You never know who you're going to find in an Adventist church.
In my church, for instance, you'll find young and old, Republicans and Democrats, high-school dropouts and one, genuine rocket-scientist . . .
Not to mention church members who quote Bishop Spong, and others who pass out copies of Jan Marcussen's National Sunday Law.
In short, Sabbath mornings here in Lincoln City tend to bring together people who don't have much in common -- people who don't share the same politics, income, race, education, taste in music . . . or even the same views on Harry Potter!
No, just about the only thing we have in common is the fact that we all see ourselves as "Adventists" -- but so far, that's been enough to keep us together.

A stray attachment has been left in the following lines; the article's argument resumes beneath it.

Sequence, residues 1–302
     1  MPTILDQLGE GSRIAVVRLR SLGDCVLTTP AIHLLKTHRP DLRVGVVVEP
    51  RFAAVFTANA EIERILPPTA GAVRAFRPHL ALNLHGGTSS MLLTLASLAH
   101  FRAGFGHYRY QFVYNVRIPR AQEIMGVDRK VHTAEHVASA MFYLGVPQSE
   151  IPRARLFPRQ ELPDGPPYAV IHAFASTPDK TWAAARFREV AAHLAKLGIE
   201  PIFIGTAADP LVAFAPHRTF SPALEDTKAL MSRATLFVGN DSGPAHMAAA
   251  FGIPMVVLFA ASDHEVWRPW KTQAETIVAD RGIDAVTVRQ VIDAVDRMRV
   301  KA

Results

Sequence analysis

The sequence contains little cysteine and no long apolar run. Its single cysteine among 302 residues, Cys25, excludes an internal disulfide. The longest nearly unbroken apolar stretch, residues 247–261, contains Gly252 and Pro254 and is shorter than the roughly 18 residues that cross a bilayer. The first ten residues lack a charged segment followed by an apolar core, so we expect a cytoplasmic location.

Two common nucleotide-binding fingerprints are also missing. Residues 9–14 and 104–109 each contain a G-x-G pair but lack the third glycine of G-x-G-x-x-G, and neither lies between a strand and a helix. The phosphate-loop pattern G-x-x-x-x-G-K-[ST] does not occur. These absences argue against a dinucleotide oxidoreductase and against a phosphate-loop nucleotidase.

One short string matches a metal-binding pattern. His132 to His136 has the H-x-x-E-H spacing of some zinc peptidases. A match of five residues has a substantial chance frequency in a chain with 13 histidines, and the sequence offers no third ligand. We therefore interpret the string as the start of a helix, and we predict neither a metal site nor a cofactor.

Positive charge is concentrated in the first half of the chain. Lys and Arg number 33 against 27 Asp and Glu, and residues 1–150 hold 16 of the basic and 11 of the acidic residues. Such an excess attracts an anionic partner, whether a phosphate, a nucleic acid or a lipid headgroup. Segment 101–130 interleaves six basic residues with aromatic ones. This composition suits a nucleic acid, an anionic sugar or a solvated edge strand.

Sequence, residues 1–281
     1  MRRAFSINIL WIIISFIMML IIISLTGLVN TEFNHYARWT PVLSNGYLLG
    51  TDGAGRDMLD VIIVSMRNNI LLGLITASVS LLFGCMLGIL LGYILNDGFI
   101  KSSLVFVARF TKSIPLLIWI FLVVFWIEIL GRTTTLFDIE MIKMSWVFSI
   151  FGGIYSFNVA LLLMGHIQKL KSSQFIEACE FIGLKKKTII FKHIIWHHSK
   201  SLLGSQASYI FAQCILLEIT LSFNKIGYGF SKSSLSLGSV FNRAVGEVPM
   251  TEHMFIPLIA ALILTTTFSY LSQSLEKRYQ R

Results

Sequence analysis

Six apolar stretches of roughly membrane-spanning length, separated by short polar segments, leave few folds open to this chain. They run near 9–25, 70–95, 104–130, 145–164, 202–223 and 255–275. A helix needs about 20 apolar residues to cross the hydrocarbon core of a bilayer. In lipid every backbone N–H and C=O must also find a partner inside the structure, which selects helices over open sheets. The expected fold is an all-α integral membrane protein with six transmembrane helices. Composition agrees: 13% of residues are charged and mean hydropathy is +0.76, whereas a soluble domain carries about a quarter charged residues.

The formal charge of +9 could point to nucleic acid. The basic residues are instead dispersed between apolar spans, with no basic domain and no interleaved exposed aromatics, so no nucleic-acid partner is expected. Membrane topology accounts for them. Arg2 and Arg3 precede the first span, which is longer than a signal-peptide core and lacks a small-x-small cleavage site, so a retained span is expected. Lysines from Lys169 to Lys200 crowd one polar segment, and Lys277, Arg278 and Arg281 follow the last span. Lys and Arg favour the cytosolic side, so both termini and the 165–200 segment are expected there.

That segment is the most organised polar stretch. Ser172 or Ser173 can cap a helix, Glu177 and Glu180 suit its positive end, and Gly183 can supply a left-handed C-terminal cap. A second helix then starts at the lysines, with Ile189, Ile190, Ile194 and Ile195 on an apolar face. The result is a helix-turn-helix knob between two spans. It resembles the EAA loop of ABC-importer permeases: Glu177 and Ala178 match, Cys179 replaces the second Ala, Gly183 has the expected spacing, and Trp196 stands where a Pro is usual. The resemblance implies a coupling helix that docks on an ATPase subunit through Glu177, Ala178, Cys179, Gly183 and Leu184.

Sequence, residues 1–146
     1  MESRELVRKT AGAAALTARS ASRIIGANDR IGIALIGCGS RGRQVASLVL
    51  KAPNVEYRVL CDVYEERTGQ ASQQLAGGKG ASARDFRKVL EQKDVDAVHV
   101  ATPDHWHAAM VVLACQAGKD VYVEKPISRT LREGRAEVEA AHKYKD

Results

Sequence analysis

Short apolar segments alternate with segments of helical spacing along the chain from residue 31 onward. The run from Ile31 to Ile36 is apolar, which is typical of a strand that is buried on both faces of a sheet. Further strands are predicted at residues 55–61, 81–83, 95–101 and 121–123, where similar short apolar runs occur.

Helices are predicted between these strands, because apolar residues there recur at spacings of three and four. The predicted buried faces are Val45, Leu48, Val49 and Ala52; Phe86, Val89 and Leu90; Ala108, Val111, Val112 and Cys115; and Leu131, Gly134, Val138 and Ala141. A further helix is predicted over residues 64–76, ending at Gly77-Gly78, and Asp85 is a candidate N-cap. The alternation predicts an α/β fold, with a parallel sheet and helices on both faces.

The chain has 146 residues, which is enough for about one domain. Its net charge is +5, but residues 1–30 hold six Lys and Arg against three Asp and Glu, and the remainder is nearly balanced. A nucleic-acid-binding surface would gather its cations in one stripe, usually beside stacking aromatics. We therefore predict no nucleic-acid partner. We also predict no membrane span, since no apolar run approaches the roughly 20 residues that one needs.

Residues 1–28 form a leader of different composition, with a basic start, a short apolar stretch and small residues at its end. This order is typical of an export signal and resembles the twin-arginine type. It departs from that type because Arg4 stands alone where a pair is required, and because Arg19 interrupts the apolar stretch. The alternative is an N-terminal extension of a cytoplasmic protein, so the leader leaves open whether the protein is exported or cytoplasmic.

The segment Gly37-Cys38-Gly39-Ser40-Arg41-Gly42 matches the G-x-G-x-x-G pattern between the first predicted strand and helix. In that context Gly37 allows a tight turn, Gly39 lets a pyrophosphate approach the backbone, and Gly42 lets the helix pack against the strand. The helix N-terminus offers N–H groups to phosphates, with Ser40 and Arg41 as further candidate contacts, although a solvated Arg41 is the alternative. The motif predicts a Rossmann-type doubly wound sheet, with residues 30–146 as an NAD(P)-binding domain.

Sometimes, to be sure, it's been just barely enough . . .
But if we're clear on the things that unite us, then we're usually willing to let our differences slide.
That's why one of the best ways to ensure diversity in a church is to focus on the things we share -- to to focus on those things, in other words, where we don't allow diversity.
Otherwise, we'll end up with a church where everybody votes for the same candidates, listens to the same music, and earns just about the same amount of money . . .
And all because we have nothing else in common -- nothing else to draw in people who are different.
No, you never know who you're going to find in an Adventist church.
That's because we're all Adventists.